Jacqui Leotaud

Jacqui Leotaud, CEO of the Immortelle Children’s Centre, right,

is joined by Callender on the pan.

The sweet sounds of pan emanated from the Immortelle Children’s Centre for Special Education which signified the opening of the new Pan Room at the facility on November 21. The extraordinary $30,000 project enables the special school to incorporate pan music as part of their curriculum and therapy.

Speaking at the opening CEO of the Immortelle Children’s Centre for Special Education Jacqui Leotaud was pleased to see one of the visions for the centre become a reality, as she reflected on how beneficial the arts were for persons with disabilities.

Through funding received from the Digicel Foundation, under its Extraordinary Projects Impacting Communities Programme (EPIC) the centre was able to utilise a space to establish a pan room outfitted with air condition unit, shelving, flooring and sound insulation, where the children can be tutored and practise on the pans to their hearts’ delight.

Music teacher Martina Chow shared her thoughts on the value of music and the students’ musical development. She questioned, “Why not have music education for all?” She revealed that music has an undeniable power that builds confidence, improves memory, teaches discipline and it stimulates several parts of the brain which engage us in all ways that nothing else can.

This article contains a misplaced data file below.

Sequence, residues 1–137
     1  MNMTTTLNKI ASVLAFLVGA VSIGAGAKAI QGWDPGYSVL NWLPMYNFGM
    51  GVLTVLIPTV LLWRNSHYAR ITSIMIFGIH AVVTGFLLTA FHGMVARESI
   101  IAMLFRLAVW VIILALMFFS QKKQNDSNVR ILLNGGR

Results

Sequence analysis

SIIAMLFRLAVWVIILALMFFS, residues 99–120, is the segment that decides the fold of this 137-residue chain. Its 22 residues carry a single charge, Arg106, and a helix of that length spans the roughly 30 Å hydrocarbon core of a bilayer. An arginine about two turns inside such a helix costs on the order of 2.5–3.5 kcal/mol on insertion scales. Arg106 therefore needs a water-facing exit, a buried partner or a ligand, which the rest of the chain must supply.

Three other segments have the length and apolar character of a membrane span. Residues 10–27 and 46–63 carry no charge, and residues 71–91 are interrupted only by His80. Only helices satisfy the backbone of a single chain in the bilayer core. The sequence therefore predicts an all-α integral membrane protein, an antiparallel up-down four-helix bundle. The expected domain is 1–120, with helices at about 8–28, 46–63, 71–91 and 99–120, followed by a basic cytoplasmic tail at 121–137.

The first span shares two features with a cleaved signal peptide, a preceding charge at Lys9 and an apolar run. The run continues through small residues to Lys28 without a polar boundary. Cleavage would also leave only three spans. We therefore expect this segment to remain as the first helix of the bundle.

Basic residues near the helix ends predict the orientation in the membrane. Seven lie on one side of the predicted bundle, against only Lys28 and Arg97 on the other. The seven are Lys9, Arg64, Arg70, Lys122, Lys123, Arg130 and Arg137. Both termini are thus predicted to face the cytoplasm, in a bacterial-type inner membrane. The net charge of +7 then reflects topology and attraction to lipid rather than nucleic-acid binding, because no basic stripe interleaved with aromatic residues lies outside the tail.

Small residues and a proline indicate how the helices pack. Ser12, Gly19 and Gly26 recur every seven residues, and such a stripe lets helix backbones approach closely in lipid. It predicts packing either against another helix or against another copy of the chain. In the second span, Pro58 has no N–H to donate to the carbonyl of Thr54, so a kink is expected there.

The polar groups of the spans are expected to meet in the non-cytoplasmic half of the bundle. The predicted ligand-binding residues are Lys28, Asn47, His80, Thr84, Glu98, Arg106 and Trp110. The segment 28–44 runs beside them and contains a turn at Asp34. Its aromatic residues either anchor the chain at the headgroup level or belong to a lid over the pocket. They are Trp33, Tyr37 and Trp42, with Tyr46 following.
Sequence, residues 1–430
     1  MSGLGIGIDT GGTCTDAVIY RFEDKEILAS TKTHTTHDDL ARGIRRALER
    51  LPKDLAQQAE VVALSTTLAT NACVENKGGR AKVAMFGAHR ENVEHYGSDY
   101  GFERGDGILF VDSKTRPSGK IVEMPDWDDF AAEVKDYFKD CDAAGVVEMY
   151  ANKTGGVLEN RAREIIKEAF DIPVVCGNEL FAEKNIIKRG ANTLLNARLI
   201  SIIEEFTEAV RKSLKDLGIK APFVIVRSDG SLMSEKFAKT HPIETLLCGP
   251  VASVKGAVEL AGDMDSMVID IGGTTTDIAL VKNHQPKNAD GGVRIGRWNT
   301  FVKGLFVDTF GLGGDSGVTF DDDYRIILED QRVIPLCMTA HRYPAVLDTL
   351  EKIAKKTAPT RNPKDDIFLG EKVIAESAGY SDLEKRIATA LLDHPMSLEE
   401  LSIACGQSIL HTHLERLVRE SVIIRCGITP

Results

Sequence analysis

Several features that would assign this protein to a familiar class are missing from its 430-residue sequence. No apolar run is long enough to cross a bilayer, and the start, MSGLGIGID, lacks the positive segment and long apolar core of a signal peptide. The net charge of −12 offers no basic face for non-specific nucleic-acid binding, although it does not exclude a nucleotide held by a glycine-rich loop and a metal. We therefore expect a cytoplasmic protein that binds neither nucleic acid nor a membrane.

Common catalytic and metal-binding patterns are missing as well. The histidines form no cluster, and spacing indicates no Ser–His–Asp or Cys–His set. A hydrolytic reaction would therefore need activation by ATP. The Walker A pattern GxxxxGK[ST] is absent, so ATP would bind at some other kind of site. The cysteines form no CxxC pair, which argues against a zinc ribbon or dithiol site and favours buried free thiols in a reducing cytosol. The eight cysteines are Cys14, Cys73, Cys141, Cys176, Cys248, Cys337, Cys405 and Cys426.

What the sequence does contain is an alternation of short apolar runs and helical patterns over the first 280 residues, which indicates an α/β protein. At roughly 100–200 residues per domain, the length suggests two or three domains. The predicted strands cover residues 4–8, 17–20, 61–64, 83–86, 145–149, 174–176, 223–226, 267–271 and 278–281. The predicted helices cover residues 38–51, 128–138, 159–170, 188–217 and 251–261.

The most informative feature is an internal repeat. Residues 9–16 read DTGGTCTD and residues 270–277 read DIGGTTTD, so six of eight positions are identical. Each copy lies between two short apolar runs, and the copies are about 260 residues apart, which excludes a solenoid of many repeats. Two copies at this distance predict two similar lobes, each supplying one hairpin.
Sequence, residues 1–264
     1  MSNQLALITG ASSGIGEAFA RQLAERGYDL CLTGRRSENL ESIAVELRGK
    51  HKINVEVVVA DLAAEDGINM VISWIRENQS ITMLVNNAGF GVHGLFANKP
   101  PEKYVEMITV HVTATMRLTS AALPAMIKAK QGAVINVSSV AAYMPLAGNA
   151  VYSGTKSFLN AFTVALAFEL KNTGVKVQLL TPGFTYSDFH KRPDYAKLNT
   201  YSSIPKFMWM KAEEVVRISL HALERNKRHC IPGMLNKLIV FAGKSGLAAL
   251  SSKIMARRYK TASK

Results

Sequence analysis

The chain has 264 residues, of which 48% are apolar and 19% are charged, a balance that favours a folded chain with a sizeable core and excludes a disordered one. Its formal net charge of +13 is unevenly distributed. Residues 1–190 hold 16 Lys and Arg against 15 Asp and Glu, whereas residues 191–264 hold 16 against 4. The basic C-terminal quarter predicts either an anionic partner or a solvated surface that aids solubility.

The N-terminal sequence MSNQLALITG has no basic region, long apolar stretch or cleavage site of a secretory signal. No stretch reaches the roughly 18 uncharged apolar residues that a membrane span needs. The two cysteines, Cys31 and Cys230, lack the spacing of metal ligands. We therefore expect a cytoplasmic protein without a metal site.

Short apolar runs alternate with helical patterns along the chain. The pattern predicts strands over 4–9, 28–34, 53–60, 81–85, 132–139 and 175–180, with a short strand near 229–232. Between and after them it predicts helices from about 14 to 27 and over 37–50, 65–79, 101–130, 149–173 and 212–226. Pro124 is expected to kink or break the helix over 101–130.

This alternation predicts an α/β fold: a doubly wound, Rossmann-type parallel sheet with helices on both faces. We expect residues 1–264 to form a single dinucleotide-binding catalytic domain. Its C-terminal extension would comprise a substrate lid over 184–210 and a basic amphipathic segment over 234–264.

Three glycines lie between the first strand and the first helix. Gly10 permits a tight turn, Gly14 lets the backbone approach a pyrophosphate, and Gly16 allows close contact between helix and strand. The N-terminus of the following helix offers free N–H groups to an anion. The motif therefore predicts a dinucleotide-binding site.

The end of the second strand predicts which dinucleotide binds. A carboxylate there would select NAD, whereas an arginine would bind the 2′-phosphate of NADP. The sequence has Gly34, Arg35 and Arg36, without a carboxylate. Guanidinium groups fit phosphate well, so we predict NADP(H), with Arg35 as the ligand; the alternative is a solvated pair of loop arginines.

Bringing remarks on behalf of CEO Digicel Foundation Penny Gomez was project coordinator Lynelle Callender who conveyed huge congratulations to the management and staff of the centre on opening the Pan Room. She also expressed that she was happy to see the students embracing their culture and would like to see more young people doing the same.

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The sweet sounds of pan emanated from the Immortelle Children’s Centre for Special Education which signified the opening of the new Pan Room at the facility on November 21. The extraordinary $30,000 project enables the special school to incorporate pan music as part of their curriculum and therapy.

Granny ( Janet Bernard) would put me to sit down in the kitchen with a spoonful of molasses as a purge for my intestines in one hand and some sugar in the other. She would sit right next to me with a belt in her hand and watch me drink it. She liked everything clean.